The City of Summerside’s electric utility, Summerside Electric, is anticipating growth in customers’ peak capacity needs. Before investing in a planned diesel generator, the City asked Dunsky to conduct a capacity planning study, and to recommend the most effective approach to address peak capacity needs over the next 15 years.
Dunsky reviewed Summerside Electric’s technical, financial, and regulatory needs; assessed supply and demand-side resource options (including emerging technologies) going forward; and considered the utility’s strategic and other requirements. We also led consultations with numerous local stakeholders, through both targeted group and public sessions, to ensure our study reflected the needs and concerns of local residents and businesses.
After assessing options, we recommended the City implement a “stacked, staged” approach to addressing its capacity needs. Rather than investing in a single, capital-intensive plant to meet short-term needs, we found an evolving strategy that stacks multiple, smaller options – including DR, utility scale storage and biodiesel – will provide greater flexibility at reduced cost and risk.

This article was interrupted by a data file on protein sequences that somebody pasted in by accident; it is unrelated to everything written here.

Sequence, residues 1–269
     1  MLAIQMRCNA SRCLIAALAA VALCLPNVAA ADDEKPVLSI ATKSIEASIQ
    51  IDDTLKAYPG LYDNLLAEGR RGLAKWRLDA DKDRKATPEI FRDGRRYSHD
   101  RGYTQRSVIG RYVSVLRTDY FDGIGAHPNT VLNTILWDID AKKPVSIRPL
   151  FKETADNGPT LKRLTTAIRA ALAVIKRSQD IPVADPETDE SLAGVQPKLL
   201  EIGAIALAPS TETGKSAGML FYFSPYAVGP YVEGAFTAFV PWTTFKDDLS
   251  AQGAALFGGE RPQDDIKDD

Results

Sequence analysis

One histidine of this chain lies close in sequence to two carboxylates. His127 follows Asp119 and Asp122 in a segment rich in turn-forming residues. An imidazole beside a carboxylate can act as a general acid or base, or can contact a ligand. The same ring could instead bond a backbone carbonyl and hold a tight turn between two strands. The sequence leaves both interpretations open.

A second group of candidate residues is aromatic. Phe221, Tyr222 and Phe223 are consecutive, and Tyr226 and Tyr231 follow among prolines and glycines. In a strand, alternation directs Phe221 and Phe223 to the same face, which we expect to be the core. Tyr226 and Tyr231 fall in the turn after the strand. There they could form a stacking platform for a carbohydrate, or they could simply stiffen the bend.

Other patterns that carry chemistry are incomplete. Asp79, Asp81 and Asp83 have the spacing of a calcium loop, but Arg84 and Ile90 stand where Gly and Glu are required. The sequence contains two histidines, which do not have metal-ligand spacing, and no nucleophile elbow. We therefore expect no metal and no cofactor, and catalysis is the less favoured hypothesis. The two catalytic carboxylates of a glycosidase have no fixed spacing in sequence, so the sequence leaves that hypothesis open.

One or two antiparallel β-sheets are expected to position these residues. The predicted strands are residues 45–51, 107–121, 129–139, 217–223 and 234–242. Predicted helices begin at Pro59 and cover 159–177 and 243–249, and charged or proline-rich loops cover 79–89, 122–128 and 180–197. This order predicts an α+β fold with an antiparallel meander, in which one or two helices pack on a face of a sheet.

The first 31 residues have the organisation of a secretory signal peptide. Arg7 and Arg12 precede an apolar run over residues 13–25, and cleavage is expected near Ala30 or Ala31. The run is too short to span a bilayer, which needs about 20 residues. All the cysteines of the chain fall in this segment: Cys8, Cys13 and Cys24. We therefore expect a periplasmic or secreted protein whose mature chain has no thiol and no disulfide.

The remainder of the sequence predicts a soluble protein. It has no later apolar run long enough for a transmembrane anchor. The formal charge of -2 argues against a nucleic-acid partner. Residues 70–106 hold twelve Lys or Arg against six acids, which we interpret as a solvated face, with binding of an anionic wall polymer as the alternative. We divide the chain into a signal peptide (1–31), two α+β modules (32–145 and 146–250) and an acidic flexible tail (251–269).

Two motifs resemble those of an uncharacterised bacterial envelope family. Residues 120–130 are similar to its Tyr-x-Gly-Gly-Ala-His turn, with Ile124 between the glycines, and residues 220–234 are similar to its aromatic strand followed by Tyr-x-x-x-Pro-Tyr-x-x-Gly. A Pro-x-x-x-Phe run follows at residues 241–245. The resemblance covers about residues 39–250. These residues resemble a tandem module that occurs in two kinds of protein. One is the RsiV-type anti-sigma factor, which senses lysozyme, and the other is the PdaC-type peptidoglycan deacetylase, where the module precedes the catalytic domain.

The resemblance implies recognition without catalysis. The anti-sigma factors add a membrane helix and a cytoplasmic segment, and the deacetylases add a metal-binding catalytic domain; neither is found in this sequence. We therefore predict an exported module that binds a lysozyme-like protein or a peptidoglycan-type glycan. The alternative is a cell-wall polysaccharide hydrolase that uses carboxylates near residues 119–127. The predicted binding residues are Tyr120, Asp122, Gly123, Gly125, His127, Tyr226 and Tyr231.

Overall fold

Specifically, we recommended:
- 2020: Expand demand-side capacity programs, including the city’s Heat-for-Less-Now (customer rate rebates in return for installing an electric thermal storage, or ETS system) and its large-customer interruptible load program;
- 2023-2025: Launch a utility-scale battery storage pilot;
- 2025: Plan for a biodiesel generator, but only if continued growth cannot be met by the DR and battery storage measures;
- 2028 & 2034: Refurbish existing wind farms as they reach end of life; and
- 2030: Expand battery storage based on results of the pilot and evolving battery pricing.
This plan enables a secure, reliable, and diverse resource mix while providing sufficient flexibility for Summerside Electric to adapt to fast-paced technological and policy changes. It will also allow Summerside to leverage significant anticipated cost reductions in battery storage in particular, while simultaneously pursuing electrification of heating and transportation uses, in line with the city’s climate ambitions.